Use this URL to cite or link to this record in EThOS: http://ethos.bl.uk/OrderDetails.do?uin=uk.bl.ethos.706929
Title: An examination of goal processes and goal cognitions in relation to momentary mood changes
Author: Weymouth, E. K.
ISNI:       0000 0004 6059 7208
Awarding Body: University of Liverpool
Current Institution: University of Liverpool
Date of Award: 2016
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Abstract:
Goal dysregulation theories posit that affective disorders are linked to dysregulation of goal pursuit (e.g. Johnson, Carver, & Fulford, 2010) and many psychological therapies for mood disorders focus on increasing wellbeing by working with individuals to generate and pursue personally meaningful goals. The literature pertaining to goals and mood has identified highly idiosyncratic nomothetic properties of goal pursuit such as perceived goal progress, goal importance and goal effort which all contribute to distinct goal pursuit profiles. For example, perceived goal progress has been linked to positive affect and affective reactions may serve to alter the amount of effort made towards that goal (Carver, Avivi, & Laurenceau, (2008). Gollwitzer (1993) contended that the perceived importance of a person’s goal would influence their level of effort towards that goal. Specifically, it is suggested that the centrality of that goal to a person’s self-concept increases the importance of that goal (Boden, 1973). The importance a person places on their goals may be detrimental if that individual is overly invested in a particular goal and they are not achieving their desired level of progress towards this goal and therefore have increased difficulty in disengaging from their goals despite low goal progress (Lam, Green, Power, & Checkley, 1994; Wrosch, Scheier, Carver, & Schulz, 2003). Additionally, more recent research into Conditional Goal Setting (Street, 2001) posits that those vulnerable to depression are suggested to define their self worth on the achievement of their goals. Although personal goals typically represent sustained activity over time and phenomena such as motivation and mood fluctuate, most of the research on goals and mood has been limited to the use of cross-sectional designs which usually treat them as stable, measuring them at a time point and ask the person to recall retrospectively. This method is suggested to make capturing completely the true nature of a person’s goal pursuit and mood experience in the moment unlikely. Additionally, this approach is susceptible to recall and cognitive biases. Experience Sampling Method (ESM) allows researchers to look at mood from a momentary perspective to examine dynamic and transient emotional reactions. Several studies have used ESM to look at momentary mood and personal goals. To the author’s knowledge, to date, there has been no systematic review of the findings of these studies. Chapter 1 of this thesis details a systematic review conducted with the aim of synthesising the current empirical research concerning goal processes, content and/or cognitions and their relationship to momentary mood using ESM. This systematic review focused only on studies using an Experience Sampling Methodology to look at goal processes and mood. Results from the review found that a range of goal processes and goal cognitions were found to be associated with affective experience and in particular, all studies found that goal progress was linked to experiencing positive affect. The studies identified were from a variety of settings, including universities, business and workplace settings and healthcare settings, with varying participant samples. Studies differed in the terms they used to define goals and how they asked people to generate goals. The quality of these studies varied however as ESM is a developing methodology in research, standard quality assessment tools are not available currently. In an effort to further contribute to the research in this domain, Chapter 2 presents an empirical study examining the relationship between the particular goal cognitions of perceived goal progress and perceived levels of goal effort and their impact on momentary mood through the use of ESM. It is hoped that this will allow not only for highly ecological, real-life assessments of mood and goal cognitions but also an evaluation of the potential impact of Conditional Goal Setting. It was hypothesised that lower perceived momentary goal progress and higher momentary goal effort would be associated with greater momentary mood symptoms in those with higher CGS scores. The findings of this study suggest that negative affect (NA) and positive affect (PA) fluctuated considerably from moment-to-moment over time. ESM captures these within-person fluctuations as well as the between-person differences. Examining momentary mood changes from a goal pursuit perspective found that goal progress and amount of goal effort account for some of the variance in these fluctuations. In particular, results showed that not only does advancement in goal progress predict momentary positive mood, it also predicts decreased negative mood. In addition, perceived goal effort was found to be related to momentary PA and NA in that increased effort led to more NA and less effort led to more PA. A combination of increased goal progress and decreased goal effort predicted increased levels of PA and vice versa for NA. Contrary to expectation, CGS did not predict momentary mood. Extensive previous cross-sectional research has identified this link between goal progress and affective experiences and data from ESM studies sheds further light on the conceptual frameworks surrounding motivation, goal pursuit and mood.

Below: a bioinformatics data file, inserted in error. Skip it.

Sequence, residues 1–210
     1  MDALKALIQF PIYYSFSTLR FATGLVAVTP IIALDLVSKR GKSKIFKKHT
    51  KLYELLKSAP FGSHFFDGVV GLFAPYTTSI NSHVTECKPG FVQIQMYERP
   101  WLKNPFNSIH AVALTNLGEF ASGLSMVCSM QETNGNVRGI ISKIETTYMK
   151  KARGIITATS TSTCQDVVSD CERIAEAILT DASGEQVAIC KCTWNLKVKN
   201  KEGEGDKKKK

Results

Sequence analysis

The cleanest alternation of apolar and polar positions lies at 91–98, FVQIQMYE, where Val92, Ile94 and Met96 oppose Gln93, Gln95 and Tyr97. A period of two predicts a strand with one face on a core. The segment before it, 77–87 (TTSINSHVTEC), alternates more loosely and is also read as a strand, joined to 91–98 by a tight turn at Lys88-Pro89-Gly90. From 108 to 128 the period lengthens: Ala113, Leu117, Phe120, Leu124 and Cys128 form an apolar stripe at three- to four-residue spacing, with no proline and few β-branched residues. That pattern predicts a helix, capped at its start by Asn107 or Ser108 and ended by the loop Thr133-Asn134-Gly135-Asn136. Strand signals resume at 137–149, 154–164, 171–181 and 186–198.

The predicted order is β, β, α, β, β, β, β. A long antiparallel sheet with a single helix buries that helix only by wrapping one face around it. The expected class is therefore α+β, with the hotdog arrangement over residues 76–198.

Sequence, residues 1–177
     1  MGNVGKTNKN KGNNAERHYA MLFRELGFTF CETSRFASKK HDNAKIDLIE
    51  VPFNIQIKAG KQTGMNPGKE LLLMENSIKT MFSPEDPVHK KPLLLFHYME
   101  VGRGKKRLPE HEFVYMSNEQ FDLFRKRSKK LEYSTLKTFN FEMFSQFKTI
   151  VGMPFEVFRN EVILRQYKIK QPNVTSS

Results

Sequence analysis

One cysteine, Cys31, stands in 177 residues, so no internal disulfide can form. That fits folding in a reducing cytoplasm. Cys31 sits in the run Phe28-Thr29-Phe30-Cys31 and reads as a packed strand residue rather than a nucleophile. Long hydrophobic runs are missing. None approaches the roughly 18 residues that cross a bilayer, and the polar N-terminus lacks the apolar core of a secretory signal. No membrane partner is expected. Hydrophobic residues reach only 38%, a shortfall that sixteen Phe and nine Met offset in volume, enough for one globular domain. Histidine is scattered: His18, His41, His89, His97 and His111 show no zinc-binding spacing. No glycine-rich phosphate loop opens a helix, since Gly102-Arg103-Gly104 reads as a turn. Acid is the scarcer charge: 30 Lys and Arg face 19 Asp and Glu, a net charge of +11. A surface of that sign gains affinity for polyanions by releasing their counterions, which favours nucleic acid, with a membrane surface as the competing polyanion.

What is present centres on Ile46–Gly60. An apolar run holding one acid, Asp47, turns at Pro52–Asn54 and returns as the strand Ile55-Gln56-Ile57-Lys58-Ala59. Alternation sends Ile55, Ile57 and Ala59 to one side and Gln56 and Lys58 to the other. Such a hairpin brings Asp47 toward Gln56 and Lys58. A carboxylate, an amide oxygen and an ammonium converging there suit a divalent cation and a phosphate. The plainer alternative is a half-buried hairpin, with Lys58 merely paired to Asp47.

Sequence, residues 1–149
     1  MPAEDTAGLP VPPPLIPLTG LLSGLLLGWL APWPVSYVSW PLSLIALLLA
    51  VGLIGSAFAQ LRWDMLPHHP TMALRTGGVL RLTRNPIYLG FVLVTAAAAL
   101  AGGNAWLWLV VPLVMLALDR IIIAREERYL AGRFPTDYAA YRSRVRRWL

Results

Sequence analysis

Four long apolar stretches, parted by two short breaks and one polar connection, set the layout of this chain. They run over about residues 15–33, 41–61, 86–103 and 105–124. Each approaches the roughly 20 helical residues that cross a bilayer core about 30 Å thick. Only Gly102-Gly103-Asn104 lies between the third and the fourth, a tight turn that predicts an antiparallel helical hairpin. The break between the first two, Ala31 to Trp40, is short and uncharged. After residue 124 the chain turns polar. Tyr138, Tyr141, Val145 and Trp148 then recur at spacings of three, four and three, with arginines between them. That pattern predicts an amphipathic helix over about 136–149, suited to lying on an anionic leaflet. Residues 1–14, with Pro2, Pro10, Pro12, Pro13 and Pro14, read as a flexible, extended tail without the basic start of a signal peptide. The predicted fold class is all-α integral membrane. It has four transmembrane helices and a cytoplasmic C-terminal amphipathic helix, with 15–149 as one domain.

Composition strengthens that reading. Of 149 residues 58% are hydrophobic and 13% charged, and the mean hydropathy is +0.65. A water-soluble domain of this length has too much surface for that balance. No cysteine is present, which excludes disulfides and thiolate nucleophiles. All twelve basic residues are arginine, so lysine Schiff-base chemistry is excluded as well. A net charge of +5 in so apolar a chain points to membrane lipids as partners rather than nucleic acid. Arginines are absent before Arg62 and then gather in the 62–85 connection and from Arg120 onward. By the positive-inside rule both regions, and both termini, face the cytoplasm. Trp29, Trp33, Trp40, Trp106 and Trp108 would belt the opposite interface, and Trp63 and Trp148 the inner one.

Supervisor: Dodd, A. ; Dickson, J. M. ; Taylor, P. J. Sponsor: Not available
Qualification Name: Thesis (D.Clin.Psy.) Qualification Level: Doctoral
EThOS ID: uk.bl.ethos.706929  DOI: Not available
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